I was nineteen and you were twenty four. We met in a drama class during January interim session, it was a required class to fullfill the general education requirements for graduation. There were fifteen students enrolled in the class and you arrived a week late, after the class had officially started. You told the teacher you got caught up in the storm back east over the winter break. You said you drove all the way from a small town in Kentucky back to Oregon and didn’t think you’d even make it here for fear of hitting black ice. But, you made it after all.
You stunk of nicotine and liquor, but still managed to retain that southern charm that I imagined probably got the teacher to allow you to remain enrolled in the course, even though you had missed the drop deadline by five days. You thought that charm of yours could get you out of anything. A flash of your smile, a drop of your gaze; it was gold. And you, you, you…were careless.
I caught you looking at me on a Friday when we were all supposed to be in our small groups. You weren’t in my group. You were off to the side as your group worked on the assigned project. I felt your eyes on me and watched as you caressed my stomach with your slow gaze and made your way up until you finally met my eyes. So brazen in your stare, you didn’t look away. I remember the transculent blue of your eyes as their intensity buried me in my wake. You must have been told you were beautiful your entire life. You carried a confidence, an axiom regarding your beauty with you wherever you went. As I rested in the warmth of your masculine repose, you smiled lazily.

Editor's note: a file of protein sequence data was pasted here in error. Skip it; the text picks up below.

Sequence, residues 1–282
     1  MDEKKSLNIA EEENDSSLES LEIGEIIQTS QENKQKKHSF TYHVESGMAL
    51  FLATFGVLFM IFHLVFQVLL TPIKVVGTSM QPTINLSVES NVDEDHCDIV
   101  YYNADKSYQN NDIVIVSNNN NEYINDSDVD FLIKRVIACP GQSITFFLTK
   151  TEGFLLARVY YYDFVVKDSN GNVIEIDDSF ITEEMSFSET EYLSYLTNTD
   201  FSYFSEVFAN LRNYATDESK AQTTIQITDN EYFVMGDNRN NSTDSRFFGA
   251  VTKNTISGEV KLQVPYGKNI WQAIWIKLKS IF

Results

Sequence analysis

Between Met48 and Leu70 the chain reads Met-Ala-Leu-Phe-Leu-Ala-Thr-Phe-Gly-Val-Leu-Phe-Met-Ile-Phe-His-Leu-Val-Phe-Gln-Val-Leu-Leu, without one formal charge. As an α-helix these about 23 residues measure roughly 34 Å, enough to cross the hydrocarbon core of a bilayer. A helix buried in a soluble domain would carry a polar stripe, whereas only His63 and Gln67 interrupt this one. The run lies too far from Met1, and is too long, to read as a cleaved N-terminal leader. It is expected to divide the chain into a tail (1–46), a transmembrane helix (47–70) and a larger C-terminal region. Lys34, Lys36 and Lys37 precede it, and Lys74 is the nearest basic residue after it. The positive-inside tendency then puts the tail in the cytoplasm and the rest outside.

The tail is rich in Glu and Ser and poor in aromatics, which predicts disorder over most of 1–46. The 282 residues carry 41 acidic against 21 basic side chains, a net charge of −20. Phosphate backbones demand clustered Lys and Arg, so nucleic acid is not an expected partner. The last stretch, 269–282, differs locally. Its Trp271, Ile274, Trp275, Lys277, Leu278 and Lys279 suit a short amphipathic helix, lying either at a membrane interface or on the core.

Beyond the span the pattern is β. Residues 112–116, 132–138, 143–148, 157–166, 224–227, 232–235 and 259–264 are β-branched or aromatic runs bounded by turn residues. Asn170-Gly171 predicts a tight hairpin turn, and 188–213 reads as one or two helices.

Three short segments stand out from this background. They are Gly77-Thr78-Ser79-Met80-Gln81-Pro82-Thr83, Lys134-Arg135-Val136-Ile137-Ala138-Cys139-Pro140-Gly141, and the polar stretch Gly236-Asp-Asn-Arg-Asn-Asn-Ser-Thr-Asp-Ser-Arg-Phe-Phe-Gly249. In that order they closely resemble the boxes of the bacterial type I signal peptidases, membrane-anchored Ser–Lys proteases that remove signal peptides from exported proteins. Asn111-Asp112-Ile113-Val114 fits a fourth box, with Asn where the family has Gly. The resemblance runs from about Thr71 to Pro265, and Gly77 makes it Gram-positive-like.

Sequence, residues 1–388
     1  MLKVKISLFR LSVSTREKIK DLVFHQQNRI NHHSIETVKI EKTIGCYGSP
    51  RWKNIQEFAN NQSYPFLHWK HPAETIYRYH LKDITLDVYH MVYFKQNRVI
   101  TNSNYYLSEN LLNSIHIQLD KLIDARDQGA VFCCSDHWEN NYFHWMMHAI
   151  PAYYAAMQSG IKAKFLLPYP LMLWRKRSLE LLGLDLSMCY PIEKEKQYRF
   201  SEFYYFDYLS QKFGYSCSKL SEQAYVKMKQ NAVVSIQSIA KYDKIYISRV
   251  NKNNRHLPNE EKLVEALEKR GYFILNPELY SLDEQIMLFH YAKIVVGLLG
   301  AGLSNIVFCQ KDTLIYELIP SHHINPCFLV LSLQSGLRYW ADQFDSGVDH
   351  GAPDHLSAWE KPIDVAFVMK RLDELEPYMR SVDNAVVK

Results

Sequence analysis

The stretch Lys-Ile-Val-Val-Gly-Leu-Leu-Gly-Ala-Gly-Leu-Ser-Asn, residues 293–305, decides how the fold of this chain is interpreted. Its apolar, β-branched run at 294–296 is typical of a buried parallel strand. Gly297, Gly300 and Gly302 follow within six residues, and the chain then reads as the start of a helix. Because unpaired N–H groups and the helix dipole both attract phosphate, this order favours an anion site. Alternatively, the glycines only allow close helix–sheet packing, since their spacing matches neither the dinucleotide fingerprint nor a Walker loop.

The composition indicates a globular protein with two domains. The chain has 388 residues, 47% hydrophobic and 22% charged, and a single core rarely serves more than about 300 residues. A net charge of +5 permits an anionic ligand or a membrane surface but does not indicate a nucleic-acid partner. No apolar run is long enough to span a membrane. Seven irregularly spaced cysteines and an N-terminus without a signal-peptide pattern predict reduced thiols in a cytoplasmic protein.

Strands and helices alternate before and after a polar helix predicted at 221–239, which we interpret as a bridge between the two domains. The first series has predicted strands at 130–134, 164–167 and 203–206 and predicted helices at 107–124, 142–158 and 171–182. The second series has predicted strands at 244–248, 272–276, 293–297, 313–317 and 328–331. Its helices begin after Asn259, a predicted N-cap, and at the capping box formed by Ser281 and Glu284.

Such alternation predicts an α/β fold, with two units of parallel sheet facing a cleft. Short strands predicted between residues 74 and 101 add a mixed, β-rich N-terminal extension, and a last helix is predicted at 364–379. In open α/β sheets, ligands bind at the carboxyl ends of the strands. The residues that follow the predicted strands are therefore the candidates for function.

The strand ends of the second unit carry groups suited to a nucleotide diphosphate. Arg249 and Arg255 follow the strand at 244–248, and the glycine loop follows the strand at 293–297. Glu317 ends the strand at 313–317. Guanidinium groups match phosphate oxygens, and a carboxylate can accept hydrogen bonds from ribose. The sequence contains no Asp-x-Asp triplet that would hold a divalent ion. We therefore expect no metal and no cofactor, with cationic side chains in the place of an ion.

I remember when you finally asked me out, using less than ten words in total. I was something underwhelming, as though you didn’t need to wait for a response; you already had your answer. You picked me up on a cold Saturday night and put your arm around my shoulder and said it might snow tonight. Or rain. We drove to the home you shared with your room mates, one of whom was your brother. He was a stocky thirty something whose face brightened when he saw me. He said my name was pretty and asked if I wanted a beer. I said yes. You got really drunk, really fast. I didn’t keep tabs on how much you were drinking, but quickly realized that I wasn’t going to be able to go home that night. There was no way you were going to be able to drive and I was too far from home to walk. This was before the era of Uber.